This time of year invites a certain degree of contemplation, in between bouts of a rather brittle bonhomie, and depression and indigestion, in no particular order.
One of the subjects that might well be broached, although it never is, is the matter of playing sport on Christmas Day. It's difficult to say why. Within certain months, it's apparently impossible to get people to shut up about playing sport on Good Friday, for example.
This is perhaps a suitable time to say that many of you have the advantage on me on matters of Christian holiday precedence, and the religion attached, not to mention the personage without who Christmas would just be known as ''mas'', The Jesus. Thus any offence given from this point will be spectacularly accidental.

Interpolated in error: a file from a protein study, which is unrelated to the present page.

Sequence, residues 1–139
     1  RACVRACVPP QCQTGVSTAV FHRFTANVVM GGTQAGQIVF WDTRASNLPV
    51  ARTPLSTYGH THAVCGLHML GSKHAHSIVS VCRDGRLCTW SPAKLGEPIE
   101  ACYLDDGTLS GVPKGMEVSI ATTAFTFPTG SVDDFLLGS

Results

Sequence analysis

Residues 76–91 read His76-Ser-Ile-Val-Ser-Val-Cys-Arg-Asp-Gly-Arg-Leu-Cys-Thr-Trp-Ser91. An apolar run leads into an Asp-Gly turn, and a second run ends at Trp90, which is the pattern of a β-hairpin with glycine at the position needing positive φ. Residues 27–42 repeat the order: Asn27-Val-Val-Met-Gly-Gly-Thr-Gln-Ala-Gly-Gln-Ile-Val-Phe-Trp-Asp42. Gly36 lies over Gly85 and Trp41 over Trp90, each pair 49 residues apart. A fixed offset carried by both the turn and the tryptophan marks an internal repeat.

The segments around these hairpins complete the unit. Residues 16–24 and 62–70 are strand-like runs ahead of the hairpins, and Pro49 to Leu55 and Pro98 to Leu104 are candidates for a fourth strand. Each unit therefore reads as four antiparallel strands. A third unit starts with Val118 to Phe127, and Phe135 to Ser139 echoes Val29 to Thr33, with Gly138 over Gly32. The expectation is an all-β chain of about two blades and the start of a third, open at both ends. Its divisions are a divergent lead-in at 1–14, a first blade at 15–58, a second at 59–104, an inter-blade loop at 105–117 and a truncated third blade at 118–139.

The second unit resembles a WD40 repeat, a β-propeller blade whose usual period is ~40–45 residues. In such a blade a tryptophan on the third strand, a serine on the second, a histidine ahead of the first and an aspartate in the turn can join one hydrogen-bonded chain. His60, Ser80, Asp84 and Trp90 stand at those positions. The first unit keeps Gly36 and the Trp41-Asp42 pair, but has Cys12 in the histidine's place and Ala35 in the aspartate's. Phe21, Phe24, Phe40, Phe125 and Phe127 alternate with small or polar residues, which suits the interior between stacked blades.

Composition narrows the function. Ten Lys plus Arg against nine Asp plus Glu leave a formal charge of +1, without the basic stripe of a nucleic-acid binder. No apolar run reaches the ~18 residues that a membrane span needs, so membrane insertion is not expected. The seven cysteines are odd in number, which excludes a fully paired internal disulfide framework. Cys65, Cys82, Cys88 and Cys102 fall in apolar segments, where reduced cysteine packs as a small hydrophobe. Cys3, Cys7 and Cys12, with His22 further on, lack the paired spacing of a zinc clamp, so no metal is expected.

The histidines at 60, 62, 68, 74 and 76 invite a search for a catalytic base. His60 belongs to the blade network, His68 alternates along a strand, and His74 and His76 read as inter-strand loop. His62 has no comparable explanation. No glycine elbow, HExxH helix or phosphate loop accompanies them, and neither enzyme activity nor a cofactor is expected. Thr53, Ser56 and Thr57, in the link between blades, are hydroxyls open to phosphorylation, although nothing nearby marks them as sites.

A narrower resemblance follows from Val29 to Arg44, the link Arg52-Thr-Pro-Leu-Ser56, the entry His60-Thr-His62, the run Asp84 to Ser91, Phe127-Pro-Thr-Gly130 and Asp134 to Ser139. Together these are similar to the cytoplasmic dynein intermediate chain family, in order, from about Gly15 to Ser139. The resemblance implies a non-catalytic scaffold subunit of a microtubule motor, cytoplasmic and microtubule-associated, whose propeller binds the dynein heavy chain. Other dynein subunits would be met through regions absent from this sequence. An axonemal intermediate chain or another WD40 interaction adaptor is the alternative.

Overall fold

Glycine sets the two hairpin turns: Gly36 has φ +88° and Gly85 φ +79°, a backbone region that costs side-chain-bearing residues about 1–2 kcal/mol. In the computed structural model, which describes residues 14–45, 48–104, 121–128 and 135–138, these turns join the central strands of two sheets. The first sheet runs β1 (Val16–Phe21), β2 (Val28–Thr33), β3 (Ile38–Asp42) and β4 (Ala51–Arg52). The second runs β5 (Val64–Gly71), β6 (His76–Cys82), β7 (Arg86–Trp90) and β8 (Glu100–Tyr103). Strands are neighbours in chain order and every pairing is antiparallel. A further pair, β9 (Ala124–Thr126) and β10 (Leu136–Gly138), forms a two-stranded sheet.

However, my understanding is that Good Friday is quite the Broadway-style big deal, in a Christian calendar context. And, for reasons at least a little mysterious, various citizens and organisations have been increasingly insistent in recent times about plonking sport on top of Good Friday.
Given that both days concern themselves with The Jesus, and, that, if anything, Christmas would seem to have the more celebratory kind of ring to it, perhaps we should look at plonking sport there instead.
On the positive side, there is a huge captive audience. They've eaten so much they can't even move. They may eat more but they're probably not going anywhere. Watching someone else move, in an athletic type of fashion, might well be about as active as they get.
On the downside, admittedly, there's no football at Christmas. But the Boxing Day Test viewers seem able to live with it.